This is privacy day and we are all concerned about our privacy, a good thing to think about, but one other thought here too, with healthcare becoming a social network too, give this some thought. We want our official medical records to be private, but what about the move now to get on the internet and discuss our health issues, good, bad and indifferent. If we want privacy, that is something to give some thought to as well, as your health issues if you have written about and posted any documents on social networks could be mined too.
It comes back around to educating the citizens of the US on how permissions can be utilized. If I were laying in an ER dying, probably the last thing on my mind at that time would be privacy, and all things are relative too. A PHR is a good option to share credible information too, as at that point we can pick and choose what we want to share and with who. Right now we have to tell and sign a form at the drug store about HIPAA that we understand it, so again, my thoughts here are to educate as there will be more and new marketing attempts to get and perhaps sell medical information everywhere on the web, and come to think of it, perhaps some of those marketing sites and services should be scrutinized a bit as well, as it certainly couldn’t hurt if we are all in the same boat for better healthcare.
Again, if one has posted all kinds of healthcare information on social networks that can be traced back, what’s the purpose of worrying about privacy in that situation, education is the key. BD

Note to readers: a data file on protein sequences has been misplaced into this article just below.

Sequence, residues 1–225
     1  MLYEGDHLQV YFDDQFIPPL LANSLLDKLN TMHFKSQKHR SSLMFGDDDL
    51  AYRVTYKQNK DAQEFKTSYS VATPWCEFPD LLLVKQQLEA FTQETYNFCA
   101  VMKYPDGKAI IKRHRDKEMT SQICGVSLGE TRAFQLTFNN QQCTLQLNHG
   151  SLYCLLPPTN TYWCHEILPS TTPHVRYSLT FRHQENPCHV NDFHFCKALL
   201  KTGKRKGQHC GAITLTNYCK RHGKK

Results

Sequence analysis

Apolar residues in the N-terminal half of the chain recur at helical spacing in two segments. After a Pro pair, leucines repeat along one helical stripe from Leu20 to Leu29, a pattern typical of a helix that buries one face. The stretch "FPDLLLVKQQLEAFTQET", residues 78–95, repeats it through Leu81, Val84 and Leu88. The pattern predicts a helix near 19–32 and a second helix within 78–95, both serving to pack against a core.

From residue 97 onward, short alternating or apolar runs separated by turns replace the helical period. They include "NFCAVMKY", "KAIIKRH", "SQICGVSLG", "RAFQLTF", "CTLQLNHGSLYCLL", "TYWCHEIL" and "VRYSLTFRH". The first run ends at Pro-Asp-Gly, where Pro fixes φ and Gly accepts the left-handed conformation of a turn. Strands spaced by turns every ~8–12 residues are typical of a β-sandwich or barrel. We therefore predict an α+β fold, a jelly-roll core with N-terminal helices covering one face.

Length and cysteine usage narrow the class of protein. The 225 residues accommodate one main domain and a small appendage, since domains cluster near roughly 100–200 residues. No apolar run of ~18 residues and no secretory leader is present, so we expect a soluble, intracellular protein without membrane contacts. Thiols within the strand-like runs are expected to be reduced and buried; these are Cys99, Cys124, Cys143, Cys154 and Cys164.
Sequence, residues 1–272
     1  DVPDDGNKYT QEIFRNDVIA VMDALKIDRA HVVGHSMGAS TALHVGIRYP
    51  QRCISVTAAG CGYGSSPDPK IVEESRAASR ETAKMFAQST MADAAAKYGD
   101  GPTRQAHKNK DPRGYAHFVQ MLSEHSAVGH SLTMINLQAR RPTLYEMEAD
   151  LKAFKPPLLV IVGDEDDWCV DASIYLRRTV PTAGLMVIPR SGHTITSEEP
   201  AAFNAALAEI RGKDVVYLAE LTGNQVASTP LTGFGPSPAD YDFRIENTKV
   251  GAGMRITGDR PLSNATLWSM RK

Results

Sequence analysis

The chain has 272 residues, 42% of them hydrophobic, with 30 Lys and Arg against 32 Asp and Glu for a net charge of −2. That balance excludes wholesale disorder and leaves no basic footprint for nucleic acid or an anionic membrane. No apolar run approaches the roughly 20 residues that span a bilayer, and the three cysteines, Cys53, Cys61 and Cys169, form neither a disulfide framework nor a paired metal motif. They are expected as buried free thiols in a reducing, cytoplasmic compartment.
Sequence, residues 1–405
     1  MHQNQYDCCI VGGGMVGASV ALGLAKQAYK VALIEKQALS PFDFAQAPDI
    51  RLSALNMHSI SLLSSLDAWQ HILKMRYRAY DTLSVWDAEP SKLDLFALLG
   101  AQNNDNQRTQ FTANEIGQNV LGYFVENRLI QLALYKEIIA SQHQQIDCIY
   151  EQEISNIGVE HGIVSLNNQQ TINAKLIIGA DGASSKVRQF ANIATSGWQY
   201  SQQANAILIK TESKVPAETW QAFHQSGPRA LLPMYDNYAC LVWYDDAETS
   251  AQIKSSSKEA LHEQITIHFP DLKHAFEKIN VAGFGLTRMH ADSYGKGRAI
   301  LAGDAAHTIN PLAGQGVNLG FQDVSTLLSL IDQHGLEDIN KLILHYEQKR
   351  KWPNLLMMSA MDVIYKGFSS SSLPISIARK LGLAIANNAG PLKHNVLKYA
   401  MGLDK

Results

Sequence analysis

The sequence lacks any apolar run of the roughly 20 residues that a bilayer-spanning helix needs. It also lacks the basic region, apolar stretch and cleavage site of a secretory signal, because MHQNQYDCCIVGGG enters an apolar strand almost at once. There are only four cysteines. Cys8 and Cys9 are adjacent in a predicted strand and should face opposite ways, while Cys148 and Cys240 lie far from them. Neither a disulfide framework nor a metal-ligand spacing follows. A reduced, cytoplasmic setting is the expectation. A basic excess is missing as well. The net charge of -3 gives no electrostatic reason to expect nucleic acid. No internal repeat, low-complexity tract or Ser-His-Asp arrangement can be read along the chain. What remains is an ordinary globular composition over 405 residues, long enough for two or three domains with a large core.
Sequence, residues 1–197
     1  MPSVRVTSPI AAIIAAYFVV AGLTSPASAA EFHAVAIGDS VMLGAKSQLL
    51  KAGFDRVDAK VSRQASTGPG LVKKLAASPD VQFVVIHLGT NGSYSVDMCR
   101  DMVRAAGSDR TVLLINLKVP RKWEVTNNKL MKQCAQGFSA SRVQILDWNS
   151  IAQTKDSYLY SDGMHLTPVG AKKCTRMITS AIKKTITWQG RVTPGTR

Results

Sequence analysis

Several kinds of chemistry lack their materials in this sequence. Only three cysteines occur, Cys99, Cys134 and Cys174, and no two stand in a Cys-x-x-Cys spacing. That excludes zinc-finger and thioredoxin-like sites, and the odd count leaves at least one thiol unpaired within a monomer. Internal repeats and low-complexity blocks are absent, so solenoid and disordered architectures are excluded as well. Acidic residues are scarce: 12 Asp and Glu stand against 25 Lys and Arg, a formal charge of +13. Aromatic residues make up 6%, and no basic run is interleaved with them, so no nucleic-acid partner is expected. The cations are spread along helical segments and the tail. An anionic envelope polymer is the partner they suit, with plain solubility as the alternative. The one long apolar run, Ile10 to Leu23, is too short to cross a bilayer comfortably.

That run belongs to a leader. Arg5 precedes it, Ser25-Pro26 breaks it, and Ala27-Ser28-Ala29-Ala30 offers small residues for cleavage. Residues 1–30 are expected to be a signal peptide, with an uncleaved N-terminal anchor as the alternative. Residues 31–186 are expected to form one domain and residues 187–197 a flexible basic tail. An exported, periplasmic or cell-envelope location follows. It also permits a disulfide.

A little-discussed provision in President Obama's economic stimulus plan would demand that every American submit to a government program for electronic medical records without a choice to opt out, and it has privacy advocates more than a little alarmed.
Patients might be alarmed, too, privacy advocates said, if they realized information such as documentation on abortions, mental health problems, impotence, being labeled as a non-compliant patient, lawsuits against doctors and sexual problems could be shared electronically with, perhaps, millions of people.
Sue A. Blevins, president of the Institute for Health Freedom, said unless people have the right to decide "if and when" their health information is shared, there is no real privacy.
"President Obama has pledged to advance freedom," she said. "Therefore the freedom to choose not to participate in a national electronic health-records system must be upheld."